So, what the moral of the story, and what I'm trying to learn, is that it's the showing up every evening part that actually leads to success, not making sure that every minute of that time is maximized.  It's tough for me to accept this, but along with writing a book, I'd like to enjoy life a little as well.

I hope you do, too.

Wednesday, April 24, 2013

The Importance of Place

What lots of Kentucky is like.  I love it.

I remember going trick-or-treating once as a kid.
Now, we grew up out in the country, so there wasn't any of this 'roaming the neighborhood' kind of thing happening.  Instead, we'd put on costumes, load up into the car and drive to the houses of friends and family, where we would get fist-fulls of candy and mom would catch up on the latest small talk.
So, one year, I was dressed up in (what I imagined to be) a pretty cool ghost costume.  I think I had a Casper mask on, but my mom had pressed an old sheet into service as a shroud, and the way it draped and folded looked pretty awesome.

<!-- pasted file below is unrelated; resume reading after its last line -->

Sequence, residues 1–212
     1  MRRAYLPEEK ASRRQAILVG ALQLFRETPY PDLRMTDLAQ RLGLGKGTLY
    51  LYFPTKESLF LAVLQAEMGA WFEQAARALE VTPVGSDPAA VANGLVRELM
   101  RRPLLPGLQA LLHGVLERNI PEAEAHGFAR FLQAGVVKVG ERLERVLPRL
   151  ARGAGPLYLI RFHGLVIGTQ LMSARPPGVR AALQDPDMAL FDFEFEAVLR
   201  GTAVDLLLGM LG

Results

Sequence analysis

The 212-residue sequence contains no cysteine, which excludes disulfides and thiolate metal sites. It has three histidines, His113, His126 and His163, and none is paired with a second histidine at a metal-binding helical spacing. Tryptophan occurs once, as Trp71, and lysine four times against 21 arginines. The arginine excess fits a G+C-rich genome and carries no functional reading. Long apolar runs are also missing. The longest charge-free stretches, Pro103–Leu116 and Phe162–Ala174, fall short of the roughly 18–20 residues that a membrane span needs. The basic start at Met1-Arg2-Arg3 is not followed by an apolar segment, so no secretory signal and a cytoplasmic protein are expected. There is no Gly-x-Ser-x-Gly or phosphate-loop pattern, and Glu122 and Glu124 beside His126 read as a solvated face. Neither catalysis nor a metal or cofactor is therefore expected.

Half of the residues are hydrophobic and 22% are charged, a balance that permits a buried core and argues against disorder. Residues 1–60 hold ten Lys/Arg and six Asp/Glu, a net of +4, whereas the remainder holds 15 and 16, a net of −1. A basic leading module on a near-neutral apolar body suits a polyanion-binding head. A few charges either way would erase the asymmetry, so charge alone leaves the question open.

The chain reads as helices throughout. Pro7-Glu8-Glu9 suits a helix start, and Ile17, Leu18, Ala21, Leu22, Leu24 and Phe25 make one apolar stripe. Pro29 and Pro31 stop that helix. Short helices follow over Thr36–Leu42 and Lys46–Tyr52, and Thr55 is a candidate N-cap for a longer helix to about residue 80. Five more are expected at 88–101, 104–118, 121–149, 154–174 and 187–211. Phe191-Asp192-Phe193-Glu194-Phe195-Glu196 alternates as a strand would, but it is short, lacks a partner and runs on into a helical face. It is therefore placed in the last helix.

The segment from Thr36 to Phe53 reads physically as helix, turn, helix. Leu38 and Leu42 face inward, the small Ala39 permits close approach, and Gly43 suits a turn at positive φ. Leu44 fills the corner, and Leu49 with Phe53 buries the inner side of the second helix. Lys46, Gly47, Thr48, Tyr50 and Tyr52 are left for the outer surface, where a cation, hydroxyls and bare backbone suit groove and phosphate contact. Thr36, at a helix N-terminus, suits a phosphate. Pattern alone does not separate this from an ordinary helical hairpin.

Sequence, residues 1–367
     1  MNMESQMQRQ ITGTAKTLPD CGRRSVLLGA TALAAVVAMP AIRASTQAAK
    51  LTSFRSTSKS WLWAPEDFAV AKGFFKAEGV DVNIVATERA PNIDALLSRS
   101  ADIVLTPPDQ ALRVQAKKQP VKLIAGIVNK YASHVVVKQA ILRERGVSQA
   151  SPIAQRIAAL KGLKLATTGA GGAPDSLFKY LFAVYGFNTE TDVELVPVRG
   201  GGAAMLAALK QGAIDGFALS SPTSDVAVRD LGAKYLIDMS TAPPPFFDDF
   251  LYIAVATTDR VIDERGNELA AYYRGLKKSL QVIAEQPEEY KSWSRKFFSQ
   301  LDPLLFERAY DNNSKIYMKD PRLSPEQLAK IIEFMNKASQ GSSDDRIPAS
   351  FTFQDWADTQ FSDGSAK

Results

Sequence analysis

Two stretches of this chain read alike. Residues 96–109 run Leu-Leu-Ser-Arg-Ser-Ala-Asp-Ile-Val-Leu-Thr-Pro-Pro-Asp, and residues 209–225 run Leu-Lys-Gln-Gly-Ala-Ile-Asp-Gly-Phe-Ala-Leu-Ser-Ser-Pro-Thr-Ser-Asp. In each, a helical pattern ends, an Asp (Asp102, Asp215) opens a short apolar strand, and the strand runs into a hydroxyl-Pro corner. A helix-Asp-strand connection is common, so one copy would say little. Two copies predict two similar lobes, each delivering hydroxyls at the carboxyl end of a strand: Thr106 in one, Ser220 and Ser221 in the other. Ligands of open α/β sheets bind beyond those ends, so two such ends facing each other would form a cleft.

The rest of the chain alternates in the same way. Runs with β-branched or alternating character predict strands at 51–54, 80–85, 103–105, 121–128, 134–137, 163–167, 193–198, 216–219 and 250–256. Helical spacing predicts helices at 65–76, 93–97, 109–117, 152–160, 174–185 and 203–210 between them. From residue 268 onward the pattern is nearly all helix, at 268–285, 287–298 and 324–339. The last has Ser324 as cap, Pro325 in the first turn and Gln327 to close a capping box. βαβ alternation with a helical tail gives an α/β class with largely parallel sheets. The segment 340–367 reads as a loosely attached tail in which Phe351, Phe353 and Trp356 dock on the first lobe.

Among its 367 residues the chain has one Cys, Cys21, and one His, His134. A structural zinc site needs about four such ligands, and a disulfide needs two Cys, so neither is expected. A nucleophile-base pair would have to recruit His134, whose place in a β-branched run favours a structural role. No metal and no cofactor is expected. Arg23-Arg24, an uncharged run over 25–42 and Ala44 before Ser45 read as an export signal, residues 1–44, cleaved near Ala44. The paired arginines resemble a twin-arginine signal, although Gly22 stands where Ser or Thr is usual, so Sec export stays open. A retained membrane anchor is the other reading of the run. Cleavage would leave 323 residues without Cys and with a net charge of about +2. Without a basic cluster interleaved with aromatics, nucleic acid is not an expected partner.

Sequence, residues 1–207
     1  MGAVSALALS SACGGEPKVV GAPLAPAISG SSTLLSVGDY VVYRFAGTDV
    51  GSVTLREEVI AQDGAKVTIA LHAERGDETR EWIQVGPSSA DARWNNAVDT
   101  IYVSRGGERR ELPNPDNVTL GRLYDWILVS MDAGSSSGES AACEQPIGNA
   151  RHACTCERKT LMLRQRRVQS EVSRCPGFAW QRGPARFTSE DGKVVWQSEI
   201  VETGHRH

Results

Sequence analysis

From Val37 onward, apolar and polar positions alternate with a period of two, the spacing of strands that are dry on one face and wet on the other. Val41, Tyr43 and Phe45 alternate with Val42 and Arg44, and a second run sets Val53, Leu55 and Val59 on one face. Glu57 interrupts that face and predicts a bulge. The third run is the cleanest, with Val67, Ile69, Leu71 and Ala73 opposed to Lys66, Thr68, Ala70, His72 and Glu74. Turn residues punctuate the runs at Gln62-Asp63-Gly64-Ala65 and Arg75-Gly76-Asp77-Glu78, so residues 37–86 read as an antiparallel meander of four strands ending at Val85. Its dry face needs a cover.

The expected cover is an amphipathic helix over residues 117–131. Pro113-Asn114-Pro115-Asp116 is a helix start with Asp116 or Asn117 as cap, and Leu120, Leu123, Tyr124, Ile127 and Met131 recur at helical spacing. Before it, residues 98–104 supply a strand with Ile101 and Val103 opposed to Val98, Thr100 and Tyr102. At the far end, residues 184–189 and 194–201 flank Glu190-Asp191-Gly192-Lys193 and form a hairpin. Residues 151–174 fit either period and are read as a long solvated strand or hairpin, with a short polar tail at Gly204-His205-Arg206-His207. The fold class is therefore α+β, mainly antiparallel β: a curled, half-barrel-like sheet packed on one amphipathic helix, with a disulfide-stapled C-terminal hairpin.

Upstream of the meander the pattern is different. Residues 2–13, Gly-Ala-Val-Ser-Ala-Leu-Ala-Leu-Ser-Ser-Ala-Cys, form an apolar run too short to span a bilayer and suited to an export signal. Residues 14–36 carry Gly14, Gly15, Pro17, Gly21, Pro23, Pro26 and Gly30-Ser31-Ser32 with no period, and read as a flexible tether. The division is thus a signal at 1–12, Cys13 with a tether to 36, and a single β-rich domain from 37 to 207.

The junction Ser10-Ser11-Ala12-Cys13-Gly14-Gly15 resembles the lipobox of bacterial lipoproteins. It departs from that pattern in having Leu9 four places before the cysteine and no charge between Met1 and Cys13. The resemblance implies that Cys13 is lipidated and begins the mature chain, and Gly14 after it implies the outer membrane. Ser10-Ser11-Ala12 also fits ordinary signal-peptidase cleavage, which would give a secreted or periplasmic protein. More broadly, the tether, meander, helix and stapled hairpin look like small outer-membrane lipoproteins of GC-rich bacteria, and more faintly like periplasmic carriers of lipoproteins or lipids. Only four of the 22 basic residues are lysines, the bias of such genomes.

We had just visited my Grandma and Grampa's house, and while Mom was catching up, I went over to my uncle's house next door and stood on his deck.
The house was perched on the ridge of Mockingbird hill, and you could see the valley stretching out below you for miles.  A large creek curled its way through the tree-lined fields and in the growing twilight a thick mist had begun to curl along the creek bed, twining through the trees and creeping toward the small town below.
Halloween night.
I was in heaven. :)

I wanted that kind of feeling in the novel I'm working on, "Ghost Zero: Spookshow".  There's a beautiful loneliness to the land that I think is the perfect setting for a ghost story.  Yes, there are people nearby, but always just far enough to make you feel alone, and maybe a little bit vulnerable.  Here's a description from the story: